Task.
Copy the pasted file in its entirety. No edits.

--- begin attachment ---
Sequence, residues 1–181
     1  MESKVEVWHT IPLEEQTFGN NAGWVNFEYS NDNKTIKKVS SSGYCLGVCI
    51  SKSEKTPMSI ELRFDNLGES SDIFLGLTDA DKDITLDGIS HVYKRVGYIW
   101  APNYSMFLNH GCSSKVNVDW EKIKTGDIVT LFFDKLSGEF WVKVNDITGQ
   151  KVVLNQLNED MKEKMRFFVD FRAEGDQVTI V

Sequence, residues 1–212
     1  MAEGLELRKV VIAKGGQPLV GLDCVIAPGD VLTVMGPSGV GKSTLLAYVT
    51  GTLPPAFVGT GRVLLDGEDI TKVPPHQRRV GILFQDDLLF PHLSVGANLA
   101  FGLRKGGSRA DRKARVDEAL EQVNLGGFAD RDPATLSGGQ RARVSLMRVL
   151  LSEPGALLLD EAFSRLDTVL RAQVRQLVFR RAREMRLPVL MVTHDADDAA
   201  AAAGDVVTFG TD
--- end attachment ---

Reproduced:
Sequence, residues 1–181
     1  MESKVEVWHT IPLEEQTFGN NAGWVNFEYS NDNKTIKKVS SSGYCLGVCI
    51  SKSEKTPMSI ELRFDNLGES SDIFLGLTDA DKDITLDGIS HVYKRVGYIW
   101  APNYSMFLNH GCSSKVNVDW EKIKTGDIVT LFFDKLSGEF WVKVNDITGQ
   151  KVVLNQLNED MKEKMRFFVD FRAEGDQVTI V

Sequence, residues 1–212
     1  MAEGLELRKV VIAKGGQPLV GLDCVIAPGD VLTVMGPSGV GKSTLLAYVT
    51  GTLPPAFVGT GRVLLDGEDI TKVPPHQRRV GILFQDDLLF PHLSVGANLA
   101  FGLRKGGSRA DRKARVDEAL EQVNLGGFAD RDPATLSGGQ RARVSLMRVL
   151  LSEPGALLLD EAFSRLDTVL RAQVRQLVFR RAREMRLPVL MVTHDADDAA
   201  AAAGDVVTFG TD